Hello all, thanks for the help.

Ive been trying to figure this out most of the day and its driving me crazy. Its probably not that difficult for most of you so I apologize if it's too easy to post.

solve for x:

4+1/x-1/x^2=0

thanks again.

2. ## Re:

Originally Posted by Geomatt
Hello all, thanks for the help.

Ive been trying to figure this out most of the day and its driving me crazy. Its probably not that difficult for most of you so I apologize if it's too easy to post.

solve for x:

4+1/x-1/x^2=0

thanks again.
RE:

Before I help you out you are going to need to rewrite the problem because I can tell straight up that this isn't what you are trying to solve.

qbkr21

3. Originally Posted by qbkr21
RE:

Before I help you out you are going to need to rewrite the problem because I can tell straight up that this isn't what you are trying to solve.

qbkr21
ok , i apologize, im a newbie.

lets try this again.

4+(1/x)-(1/x^2)=0

its 4 + the fraction of 1/x - the fraction of 1/x^2

sorry for that.

4. ## Re:

Originally Posted by Geomatt
ok , i apologize, im a newbie.

lets try this again.

4+(1/x)-(1/x^2)=0

its 4 + the fraction of 1/x - the fraction of 1/x^2

sorry for that.
RE:

5. Originally Posted by qbkr21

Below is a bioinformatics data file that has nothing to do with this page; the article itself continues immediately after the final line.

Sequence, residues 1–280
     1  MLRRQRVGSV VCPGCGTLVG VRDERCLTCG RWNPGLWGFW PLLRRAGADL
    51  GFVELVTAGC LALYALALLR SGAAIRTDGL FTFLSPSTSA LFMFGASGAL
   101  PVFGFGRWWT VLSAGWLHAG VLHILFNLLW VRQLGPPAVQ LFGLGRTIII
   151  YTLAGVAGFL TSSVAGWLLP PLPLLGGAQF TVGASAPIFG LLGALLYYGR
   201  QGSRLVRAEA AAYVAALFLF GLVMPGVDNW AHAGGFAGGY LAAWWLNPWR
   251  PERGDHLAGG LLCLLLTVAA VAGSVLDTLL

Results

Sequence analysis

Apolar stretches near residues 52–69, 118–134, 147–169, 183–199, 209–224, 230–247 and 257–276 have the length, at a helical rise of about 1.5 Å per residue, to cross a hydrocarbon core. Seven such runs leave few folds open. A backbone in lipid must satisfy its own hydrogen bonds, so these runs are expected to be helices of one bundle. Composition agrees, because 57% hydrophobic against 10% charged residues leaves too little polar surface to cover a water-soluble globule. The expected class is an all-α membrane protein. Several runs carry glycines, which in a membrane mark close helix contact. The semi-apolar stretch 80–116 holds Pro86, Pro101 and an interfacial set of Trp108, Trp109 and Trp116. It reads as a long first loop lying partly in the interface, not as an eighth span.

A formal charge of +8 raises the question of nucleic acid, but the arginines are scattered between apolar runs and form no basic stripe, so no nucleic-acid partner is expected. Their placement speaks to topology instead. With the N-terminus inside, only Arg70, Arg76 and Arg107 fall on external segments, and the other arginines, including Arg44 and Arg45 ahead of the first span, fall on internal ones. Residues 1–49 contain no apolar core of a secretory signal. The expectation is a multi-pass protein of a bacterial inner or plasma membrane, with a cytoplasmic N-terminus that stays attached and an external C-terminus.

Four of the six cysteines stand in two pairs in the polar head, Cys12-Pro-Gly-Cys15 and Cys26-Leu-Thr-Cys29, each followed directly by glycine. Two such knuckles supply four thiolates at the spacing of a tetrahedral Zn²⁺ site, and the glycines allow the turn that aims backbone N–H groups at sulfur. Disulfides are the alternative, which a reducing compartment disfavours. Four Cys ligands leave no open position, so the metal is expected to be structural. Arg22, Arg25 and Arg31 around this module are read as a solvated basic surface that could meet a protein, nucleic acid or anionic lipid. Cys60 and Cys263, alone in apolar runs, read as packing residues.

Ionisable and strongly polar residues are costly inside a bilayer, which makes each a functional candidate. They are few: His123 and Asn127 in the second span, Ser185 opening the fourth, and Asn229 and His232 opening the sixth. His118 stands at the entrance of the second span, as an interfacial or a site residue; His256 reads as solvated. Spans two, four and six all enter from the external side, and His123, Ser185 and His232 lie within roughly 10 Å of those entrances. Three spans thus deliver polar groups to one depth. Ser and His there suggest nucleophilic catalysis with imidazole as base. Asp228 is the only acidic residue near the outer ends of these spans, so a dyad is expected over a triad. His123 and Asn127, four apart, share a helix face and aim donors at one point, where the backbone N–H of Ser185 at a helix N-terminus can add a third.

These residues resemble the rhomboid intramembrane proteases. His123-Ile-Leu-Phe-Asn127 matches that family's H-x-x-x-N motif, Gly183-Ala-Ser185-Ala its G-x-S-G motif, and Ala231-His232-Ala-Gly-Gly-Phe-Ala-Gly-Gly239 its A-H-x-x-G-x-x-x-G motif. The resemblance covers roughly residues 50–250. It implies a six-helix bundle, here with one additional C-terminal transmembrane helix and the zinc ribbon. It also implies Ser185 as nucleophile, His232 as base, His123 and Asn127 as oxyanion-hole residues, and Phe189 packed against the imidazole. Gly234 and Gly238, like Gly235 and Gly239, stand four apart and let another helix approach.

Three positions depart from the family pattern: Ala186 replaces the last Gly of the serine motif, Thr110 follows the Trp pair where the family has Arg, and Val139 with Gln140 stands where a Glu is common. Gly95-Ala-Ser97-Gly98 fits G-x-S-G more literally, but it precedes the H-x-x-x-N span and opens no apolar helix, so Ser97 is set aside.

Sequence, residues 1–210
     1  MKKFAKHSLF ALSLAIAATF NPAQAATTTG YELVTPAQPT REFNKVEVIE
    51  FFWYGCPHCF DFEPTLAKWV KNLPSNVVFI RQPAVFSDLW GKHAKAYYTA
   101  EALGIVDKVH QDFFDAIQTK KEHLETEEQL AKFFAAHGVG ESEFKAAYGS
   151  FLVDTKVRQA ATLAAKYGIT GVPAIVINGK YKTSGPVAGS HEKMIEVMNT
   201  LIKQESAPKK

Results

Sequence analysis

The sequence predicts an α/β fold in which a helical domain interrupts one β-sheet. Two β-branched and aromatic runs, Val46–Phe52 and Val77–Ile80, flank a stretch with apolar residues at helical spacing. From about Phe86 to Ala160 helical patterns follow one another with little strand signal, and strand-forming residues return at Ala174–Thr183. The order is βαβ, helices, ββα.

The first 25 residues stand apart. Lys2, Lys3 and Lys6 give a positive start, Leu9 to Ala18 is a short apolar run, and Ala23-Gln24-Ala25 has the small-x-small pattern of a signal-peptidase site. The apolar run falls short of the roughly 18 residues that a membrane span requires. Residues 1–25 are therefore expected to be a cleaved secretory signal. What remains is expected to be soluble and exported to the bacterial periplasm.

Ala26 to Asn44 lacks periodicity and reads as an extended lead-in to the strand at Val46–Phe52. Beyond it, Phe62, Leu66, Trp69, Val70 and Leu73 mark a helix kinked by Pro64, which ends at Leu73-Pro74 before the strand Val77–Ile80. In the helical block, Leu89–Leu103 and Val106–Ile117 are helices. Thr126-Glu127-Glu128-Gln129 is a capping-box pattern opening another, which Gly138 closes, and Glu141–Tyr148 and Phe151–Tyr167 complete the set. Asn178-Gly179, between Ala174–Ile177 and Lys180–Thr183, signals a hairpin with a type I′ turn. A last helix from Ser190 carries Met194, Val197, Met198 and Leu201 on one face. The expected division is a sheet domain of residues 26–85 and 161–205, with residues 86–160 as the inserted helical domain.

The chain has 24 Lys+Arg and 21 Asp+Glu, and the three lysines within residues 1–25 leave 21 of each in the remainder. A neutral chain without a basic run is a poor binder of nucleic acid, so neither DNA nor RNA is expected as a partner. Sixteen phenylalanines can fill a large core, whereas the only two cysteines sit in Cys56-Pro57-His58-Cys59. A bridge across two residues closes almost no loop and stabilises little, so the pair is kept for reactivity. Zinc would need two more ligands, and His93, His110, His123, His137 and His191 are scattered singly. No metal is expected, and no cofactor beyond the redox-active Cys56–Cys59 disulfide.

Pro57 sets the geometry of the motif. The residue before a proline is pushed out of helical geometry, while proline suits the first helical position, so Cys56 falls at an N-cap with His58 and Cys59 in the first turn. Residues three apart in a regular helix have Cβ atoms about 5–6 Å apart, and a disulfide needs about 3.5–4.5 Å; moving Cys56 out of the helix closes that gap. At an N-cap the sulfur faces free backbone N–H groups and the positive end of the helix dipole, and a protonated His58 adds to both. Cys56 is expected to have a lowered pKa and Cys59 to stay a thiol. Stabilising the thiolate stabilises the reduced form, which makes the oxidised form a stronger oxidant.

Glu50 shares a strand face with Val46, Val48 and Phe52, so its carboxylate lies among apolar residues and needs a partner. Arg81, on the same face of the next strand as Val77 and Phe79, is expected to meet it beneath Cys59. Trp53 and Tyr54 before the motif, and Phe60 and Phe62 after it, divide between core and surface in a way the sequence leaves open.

RE:
Thank you so much for the help. Can I ask what program you use to write the problems out so I could maybe use something like that when I post again to avoid confusion?

Also, you basically just cross-multiplied when you found the common denominator right?

Thanks

6. Originally Posted by Geomatt
Thank you so much for the help. Can I ask what program you use to write the problems out so I could maybe use something like that when I post again to avoid confusion?
he used a program called MathType

but it may be easier for you to use LaTex, find the LaTex tutorial PDF here

Also, you basically just cross-multiplied when you found the common denominator right?
yes, that's what he did

7. Originally Posted by Geomatt
solve for x:

$\displaystyle 4+\frac1x-\frac1{x^2}=0$
Another way could be

$\displaystyle 4+\frac1x-\frac1{x^2}=0\iff{x^{-2}-x^{-1}-4=0}$

Now apply the quadratic formula and done.

8. Originally Posted by Krizalid
Another way could be

$\displaystyle 4+\frac1x-\frac1{x^2}=0\iff{x^{-2}-x^{-1}-4=0}$

Now apply the quadratic formula and done.
can we even apply the quadratic formula to something like that?

i would have just multiplied through by -x^2, then we'd end up with the quadratic qbkr21 got right off the bat. then apply the quadratic formula

9. \displaystyle \begin{aligned} x^{ - 2} + x^{ - 1} - 4 ~&=~ 0\\ \left( {x^{ - 1} } \right)^2 + x^{ - 1} - 4 ~&=~ 0\\ x^{ - 1} ~&=~ \frac{{ - 1 \pm \sqrt {17} }} {2}\\ x_1 ~&=~ \frac{2} {{\sqrt {17} - 1}}\\ x_2 ~&=~ - \frac{2} {{1 + \sqrt {17} }} \end{aligned}

10. Originally Posted by Krizalid
\displaystyle \begin{aligned} x^{ - 2} + x^{ - 1} - 4 ~&=~ 0\\ \left( {x^{ - 1} } \right)^2 + x^{ - 1} - 4 ~&=~ 0\\ x^{ - 1} ~&=~ \frac{{ - 1 \pm \sqrt {17} }} {2}\\ x_1 ~&=~ \frac{2} {{\sqrt {17} - 1}}\\ x_2 ~&=~ - \frac{2} {{1 + \sqrt {17} }} \end{aligned}
ah! ok

that's still a weird way to do it though

11. I have a little typo, the second term is negative, but the idea is understandable.